Obituaries

Felix Mann

BMJ 2014; 349 doi: https://doi.org/10.1136/bmj.g6322 (Published 27 October 2014) Cite this as: BMJ 2014;349:g6322
  1. Alexander MacDonald

Felix Mann was an inspiration to doctors who wanted to find out more about acupuncture. He himself had gone from Malvern College to Christ’s College, Cambridge; to Westminster Hospital; and on to Ottawa; to return to Europe via Strasbourg, there to become medical assistant to Jean Scoch, whose anthroposophical thinking encouraged doctors to continue to observe phenomena faithfully, even when no explanation or even the ghost of an underlying theory is on offer. Felix once showed me his library, which contained part of his inspiration—the complete works of Goethe. This way of thinking was praised by Aldous Huxley in a preface to one of Felix’s books, “From telepathy to acupuncture, unusual facts get ignored by the very people whose business it is to investigate them—get ignored because they fail to fit into any of the academic pigeonholes and do not suffer themselves to be explained in terms of accredited theories.”

Given permission to proceed in this way allowed Felix to cope with the apparently bizarre practice of acupuncture, where, for example, recurring headaches can be relieved by a few sessions, where only one needle may be placed in the foot. This was the subject he studied in Munich, Vienna, and Montpellier, and finally in China, where he learnt to read Chinese.

With a flair for timing, Heinemann published some of his beautifully written books in time for US President Richard Nixon’s visit to Chairman Mao Zedong in 1972. Before ordering American universities to investigate acupuncture, President Nixon said, “There is no place on this small planet for a billion of its potentially most able people to live in angry isolation.” Suddenly Felix, who by this time was ensconced in Devonshire Place, London, received worldwide attention, as his books had become the latest and almost only intelligible source of information on the subject—at his behest, one of these, Scientific Aspects of Acupuncture, is still freely available on the internet. Meanwhile he was calm and thoughtful enough to invite doctors, many of whom were distinguished names in their own countries, to sit in his consulting room and learn what on earth this “new” story was about.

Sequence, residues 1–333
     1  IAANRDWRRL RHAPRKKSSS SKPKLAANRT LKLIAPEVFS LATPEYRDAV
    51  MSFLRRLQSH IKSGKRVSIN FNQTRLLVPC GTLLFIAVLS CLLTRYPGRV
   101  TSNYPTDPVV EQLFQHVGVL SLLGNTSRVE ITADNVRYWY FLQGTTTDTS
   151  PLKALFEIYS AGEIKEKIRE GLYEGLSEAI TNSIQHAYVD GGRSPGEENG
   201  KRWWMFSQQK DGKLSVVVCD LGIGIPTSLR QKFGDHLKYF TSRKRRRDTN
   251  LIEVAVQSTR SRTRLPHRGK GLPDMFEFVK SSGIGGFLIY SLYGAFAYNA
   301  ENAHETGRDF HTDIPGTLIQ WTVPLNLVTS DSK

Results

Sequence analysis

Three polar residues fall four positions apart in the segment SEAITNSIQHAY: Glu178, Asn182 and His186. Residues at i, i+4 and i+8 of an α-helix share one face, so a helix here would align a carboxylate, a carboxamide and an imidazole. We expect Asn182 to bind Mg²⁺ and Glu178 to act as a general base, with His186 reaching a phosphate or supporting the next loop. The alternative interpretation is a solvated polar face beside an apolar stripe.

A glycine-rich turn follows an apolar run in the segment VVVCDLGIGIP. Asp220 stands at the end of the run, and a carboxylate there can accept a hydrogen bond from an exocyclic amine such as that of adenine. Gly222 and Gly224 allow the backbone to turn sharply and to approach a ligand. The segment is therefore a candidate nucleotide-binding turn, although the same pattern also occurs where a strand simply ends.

I met him one day in 1974. Here I found myself speaking to a doctor who had found out the Chinese acupuncture method worked in a trice for back pain—this caught my attention as it happened to be a condition I presented with. Indeed as I watched him treating a patient for difficulty in flexing her little finger while playing the violin, an instrument she needed to play as she was travelling the world in various orchestras. He employed one needle with no syringe attached and inserted it into her forearm—within a few minutes she could bend it much further. I thought this was interesting but not necessarily remarkable. But when he asked her what he had treated her for more than 10 years ago, she could not remember. When she left, I asked him what brought her to him a decade before—he said she had such severe angina she could not leave her house. So I thought, here might be an extraordinary story of a medical approach, discovered by observation, that can on occasion be deployed for a life threatening condition but can also relieve common or garden complaints that afflict us all. I now felt ready to plunge a needle into my own back and treat myself—to my amazement and delight, relief occurred. We all need permission. Such was Felix’s skill in promoting the interest of the thousand and more doctors who came to see him—he generously provided a meeting in his own house twice a year, where we could all foregather and speak quite freely about the commonplace and sometimes unusual conditions we had treated by applying his version of the Chinese method, a method apparently completely alien to anything taught at our medical schools. But Felix’s interpretation of works that he had taken the trouble to read—both Chinese and Western—gave us a framework to which we could hang on, particularly when we saw its effects in our patients. Felix freely admitted that he did not understand most of the important mechanisms of acupuncture that were indeed quite inexplicable at that time. Yet nearly all of these mechanisms can be explained now—particularly since the discovery that the nervous system produces its own pain relieving substances, such as opioids and indeed cannabinoids, as a result of the noxious stimulation of an acupuncture needle: these substances facilitate a newly discovered self perpetuating system that reduces pain everywhere in the body.